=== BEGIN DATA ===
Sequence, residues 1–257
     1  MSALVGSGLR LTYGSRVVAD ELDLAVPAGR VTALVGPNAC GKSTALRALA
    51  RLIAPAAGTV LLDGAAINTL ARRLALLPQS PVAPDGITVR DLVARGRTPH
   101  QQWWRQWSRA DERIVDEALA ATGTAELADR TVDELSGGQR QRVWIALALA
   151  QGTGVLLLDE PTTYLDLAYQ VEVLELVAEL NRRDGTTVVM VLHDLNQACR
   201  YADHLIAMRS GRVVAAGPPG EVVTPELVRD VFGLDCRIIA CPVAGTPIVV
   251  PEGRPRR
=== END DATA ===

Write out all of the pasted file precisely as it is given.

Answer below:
Sequence, residues 1–257
     1  MSALVGSGLR LTYGSRVVAD ELDLAVPAGR VTALVGPNAC GKSTALRALA
    51  RLIAPAAGTV LLDGAAINTL ARRLALLPQS PVAPDGITVR DLVARGRTPH
   101  QQWWRQWSRA DERIVDEALA ATGTAELADR TVDELSGGQR QRVWIALALA
   151  QGTGVLLLDE PTTYLDLAYQ VEVLELVAEL NRRDGTTVVM VLHDLNQACR
   201  YADHLIAMRS GRVVAAGPPG EVVTPELVRD VFGLDCRIIA CPVAGTPIVV
   251  PEGRPRR